Photo: Katie Swyers

The Faces of Ryerson’s Streets: Nathan Hutchinson

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Reading Time: 4 minutes

By Katie Swyers

Three years away from old-age benefits, 62-year-old Nathan Hutchinson says that he panhandles to supplement his part-time job and to afford the “extras” in life — like laundry. The Eyeopener talked to Hutchinson on the southern corner of Dundas and Bond streets, where he explained what it’s like to live on a marginal income.

Why are you panhandling today?

Just to have some extra money for my food. Food and my coffee for the week. I keep going, I just do the best that I can and whatever I make I’m happy. And for my cigarettes of course, because I’m a smoker. I’m not afraid to admit that I’m a smoker. I do fair sometimes, you never know. Each day comes with something — that’s my motto. Whatever it brings my way, I’ll take…

And I want to try and have some money for when they put me in for operation again.

What’s the operation for?

My hip. They did my right one, now they have to do my left one. So I’m just waiting to see what happens this time, then I’m out of commission for a while. I’ll get a good rest, anyways.

What happened to your hip, why do you have to go for surgery?

The arthritis, and I’ve fallen a few times but I’m still going. With the right one, they told me that I’d be out of luck for six months, but I got back to work. I still do part-time work, even though my hip is so sore, I’m still trying.

What kind of work do you do?

I’m a cleaner, custodian they call it, part time. Every little bit counts. Years ago I did moving for a long time — moving furniture — but those days are over. So I stick to my cleaning jobs. I do light cleaning, in a bar, so I don’t mind that. I do it at nights. But I like to have extra money for when I’m in hospital, so I come out like this and make sure. I just do the best that I can.

How far do your paycheques go?

Well they go a couple of days anyways. It’s not much, but it’s better because of my boss. If I need something, he gives it to me. If I need extra money, he’ll just say, ‘What do you need?’ That’s mostly because I have to keep my phone up. I’m part manager myself there – or so he calls me. I’ve worked there about 30 years or more. I can’t always depend on my boss for things though, I like to show him that I can do stuff on my own, especially keeping my phone up. So I come out here.

How did you start panhandling?

Well I see a lot of my friends doing it and they say, ‘Oh you can make money, you can make money.’ I said, ‘Oh one day I’ll try it.’ So I’m 62 now, what the heck. I’ve got three more years and then I’ve got my old age. Three more years and then I probably won’t be panning once I hit 65, because I’ll have enough money to just relax – pay my rent. The rents are high so I have to try my best, and the price of groceries nowadays is just ridiculous.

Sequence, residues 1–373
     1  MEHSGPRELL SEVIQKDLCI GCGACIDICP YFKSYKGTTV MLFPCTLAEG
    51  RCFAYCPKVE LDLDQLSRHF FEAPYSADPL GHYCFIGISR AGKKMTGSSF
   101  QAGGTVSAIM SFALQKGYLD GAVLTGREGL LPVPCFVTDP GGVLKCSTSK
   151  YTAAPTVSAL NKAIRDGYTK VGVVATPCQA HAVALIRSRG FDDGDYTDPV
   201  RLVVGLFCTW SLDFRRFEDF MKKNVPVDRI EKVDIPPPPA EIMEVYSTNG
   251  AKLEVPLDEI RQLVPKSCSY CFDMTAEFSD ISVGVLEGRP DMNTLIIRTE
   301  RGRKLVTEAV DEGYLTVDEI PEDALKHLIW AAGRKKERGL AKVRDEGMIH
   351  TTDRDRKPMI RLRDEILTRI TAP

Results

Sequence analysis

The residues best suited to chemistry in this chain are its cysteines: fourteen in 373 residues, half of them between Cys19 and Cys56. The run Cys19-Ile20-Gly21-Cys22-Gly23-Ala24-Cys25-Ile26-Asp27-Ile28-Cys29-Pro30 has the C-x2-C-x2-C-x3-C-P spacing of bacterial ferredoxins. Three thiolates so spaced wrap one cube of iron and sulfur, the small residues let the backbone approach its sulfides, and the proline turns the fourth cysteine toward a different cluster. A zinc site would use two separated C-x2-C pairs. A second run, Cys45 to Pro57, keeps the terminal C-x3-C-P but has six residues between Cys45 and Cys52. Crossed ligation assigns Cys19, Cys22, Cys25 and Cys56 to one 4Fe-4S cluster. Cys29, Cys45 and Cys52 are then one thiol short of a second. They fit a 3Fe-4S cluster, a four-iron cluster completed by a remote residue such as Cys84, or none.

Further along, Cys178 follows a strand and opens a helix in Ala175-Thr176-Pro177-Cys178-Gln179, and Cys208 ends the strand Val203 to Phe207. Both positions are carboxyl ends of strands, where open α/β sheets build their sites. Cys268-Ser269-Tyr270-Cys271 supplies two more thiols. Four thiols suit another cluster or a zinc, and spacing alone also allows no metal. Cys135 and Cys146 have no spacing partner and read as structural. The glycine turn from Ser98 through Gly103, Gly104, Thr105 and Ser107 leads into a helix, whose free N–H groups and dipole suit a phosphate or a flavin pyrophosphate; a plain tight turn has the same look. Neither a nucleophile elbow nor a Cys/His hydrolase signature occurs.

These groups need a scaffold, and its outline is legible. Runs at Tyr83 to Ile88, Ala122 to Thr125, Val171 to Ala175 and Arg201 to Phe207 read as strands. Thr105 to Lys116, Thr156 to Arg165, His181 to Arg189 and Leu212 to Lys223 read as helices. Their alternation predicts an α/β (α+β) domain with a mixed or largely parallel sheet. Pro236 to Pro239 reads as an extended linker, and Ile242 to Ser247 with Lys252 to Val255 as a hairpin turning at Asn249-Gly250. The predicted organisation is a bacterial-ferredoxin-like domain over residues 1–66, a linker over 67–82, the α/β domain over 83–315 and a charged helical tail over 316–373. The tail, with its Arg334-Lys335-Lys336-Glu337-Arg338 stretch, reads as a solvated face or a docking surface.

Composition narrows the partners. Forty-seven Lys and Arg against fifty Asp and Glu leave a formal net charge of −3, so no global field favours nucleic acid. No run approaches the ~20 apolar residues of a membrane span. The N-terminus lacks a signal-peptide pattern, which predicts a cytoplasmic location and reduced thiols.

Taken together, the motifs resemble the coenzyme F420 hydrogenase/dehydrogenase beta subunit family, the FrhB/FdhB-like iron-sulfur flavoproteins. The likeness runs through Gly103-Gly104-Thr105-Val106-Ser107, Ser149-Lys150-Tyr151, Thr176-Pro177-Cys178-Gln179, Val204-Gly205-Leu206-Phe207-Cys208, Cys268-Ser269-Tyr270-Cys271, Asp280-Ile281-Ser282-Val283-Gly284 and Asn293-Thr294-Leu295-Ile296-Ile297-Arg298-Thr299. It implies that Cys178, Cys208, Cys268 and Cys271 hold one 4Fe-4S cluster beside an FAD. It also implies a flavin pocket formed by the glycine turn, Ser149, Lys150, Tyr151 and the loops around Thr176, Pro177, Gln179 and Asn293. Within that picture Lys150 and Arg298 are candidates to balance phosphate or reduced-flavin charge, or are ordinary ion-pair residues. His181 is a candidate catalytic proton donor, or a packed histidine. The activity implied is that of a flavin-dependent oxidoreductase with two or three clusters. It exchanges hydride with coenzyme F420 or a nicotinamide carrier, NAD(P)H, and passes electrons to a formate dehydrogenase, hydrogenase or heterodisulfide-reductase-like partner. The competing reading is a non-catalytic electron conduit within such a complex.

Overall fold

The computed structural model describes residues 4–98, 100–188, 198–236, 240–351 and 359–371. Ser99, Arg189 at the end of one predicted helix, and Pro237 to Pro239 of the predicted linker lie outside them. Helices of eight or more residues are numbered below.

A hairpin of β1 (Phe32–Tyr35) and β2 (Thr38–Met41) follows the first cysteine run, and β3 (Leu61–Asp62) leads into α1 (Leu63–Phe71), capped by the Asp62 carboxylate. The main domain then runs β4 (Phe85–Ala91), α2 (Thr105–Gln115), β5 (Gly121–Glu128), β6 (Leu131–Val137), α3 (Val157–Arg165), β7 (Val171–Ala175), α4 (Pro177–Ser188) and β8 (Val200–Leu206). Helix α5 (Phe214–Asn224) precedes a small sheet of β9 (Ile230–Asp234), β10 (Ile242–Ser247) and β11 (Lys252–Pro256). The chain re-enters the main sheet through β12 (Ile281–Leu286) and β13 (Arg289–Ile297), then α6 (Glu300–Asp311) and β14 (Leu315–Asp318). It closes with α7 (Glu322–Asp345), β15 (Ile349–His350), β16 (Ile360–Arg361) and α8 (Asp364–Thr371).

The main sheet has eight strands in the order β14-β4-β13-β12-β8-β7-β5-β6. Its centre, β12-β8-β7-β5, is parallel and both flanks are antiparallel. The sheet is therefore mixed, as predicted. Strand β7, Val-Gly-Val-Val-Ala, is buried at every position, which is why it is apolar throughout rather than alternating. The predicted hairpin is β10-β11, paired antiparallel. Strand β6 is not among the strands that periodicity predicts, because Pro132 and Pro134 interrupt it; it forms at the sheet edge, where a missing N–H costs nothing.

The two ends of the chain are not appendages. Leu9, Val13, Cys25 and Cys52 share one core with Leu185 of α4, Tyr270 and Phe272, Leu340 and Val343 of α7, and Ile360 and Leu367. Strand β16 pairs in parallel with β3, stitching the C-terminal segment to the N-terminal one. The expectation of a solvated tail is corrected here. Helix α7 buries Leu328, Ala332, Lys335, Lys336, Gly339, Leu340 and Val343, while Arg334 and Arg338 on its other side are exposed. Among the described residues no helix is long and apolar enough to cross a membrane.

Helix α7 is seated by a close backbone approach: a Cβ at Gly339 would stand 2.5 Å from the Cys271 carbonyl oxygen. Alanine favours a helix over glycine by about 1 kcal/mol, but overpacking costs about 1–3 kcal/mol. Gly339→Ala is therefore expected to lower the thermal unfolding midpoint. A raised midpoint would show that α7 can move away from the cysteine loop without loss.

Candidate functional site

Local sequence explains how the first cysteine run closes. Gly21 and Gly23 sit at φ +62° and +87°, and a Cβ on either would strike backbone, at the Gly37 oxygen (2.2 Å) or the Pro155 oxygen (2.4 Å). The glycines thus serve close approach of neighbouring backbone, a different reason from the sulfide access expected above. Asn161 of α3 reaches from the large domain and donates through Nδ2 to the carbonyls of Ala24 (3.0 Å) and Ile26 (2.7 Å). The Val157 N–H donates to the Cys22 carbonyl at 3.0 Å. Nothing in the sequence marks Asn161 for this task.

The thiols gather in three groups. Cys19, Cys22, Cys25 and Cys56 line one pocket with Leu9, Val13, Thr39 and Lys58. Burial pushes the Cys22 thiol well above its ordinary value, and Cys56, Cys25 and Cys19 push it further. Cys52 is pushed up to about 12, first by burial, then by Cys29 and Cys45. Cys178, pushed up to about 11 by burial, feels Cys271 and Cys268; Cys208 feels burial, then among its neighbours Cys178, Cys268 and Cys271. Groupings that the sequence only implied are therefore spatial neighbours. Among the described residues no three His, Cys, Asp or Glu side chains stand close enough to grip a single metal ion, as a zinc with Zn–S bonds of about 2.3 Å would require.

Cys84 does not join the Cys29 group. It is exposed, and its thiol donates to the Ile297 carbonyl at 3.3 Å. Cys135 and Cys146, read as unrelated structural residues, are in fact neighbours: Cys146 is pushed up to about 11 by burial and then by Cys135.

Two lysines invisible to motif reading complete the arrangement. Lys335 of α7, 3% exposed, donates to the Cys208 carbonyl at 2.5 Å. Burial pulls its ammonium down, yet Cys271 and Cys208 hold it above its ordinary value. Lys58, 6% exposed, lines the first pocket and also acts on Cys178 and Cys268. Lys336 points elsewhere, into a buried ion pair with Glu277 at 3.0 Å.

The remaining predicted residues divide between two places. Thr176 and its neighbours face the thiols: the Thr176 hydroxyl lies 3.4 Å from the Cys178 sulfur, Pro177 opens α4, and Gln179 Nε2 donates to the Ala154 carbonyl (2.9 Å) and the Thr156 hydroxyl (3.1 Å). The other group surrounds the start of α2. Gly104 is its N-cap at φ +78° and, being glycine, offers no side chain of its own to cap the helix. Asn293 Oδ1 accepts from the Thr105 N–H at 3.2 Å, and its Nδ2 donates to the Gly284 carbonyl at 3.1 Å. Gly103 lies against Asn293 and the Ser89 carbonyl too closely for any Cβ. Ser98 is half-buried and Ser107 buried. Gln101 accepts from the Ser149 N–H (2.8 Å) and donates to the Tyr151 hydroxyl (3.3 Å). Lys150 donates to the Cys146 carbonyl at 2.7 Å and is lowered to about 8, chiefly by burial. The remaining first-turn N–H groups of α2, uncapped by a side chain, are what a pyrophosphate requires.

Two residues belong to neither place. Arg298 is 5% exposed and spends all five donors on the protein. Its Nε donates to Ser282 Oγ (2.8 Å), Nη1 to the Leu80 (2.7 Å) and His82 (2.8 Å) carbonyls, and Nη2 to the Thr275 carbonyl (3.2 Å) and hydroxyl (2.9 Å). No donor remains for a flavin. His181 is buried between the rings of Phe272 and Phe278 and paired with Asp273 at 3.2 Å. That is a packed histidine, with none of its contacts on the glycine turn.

What areas do you normally hang around?

I go up around Gerrard and Yonge or Dundas and Yonge. I’m all over the place in this area. But I don’t go too far. I used to [panhandle] in the west end — not too much money out there, though. There are too many out there and it’s too wild: too many murderers and thugs out there.

Did you feel scared?

I was kind of nervous, but that was all. I said, ‘Ah, what will be, will be.’ You only live once.

Have you ever run into any trouble with other people panhandling?

At times, but then they say, ‘Oh, it’s you,’ and then they hand me some money sometimes. I noticed that a lot of them are sharing. When they make some money, they hand me some money. So I’m happy with that, because I know a lot of panhandlers out here.

What are Ryerson students like?

Fair, I get along with them. They all know me out here. One woman who works for Ryerson, every Friday she hands me some money and I just say thank you. At Christmas time, I gave her a Christmas card. Next thing I know, the next time I saw her, she gave me a card with ten loonies taped inside. So I used them for coffees. So I was glad. Today I got my coffee from Tim Hortons already and I won a free coffee – I haven’t used that yet. So sometimes I’m lucky and I’m just hoping that I’ll be lucky again.

What makes your day?

When I make my money. When I make the money, I’m happy. When I can have my coffees. Like today I’m going to take myself for something to eat – a chicken dinner. That’s usually what I do when I have some extra money. I go over to my work and grab a chicken with some home fries and then my pop, and then I’m happy. It will cost me a bit, but I don’t care. I like to treat myself.

What’s something you’d like people to know?

I’m just happy.

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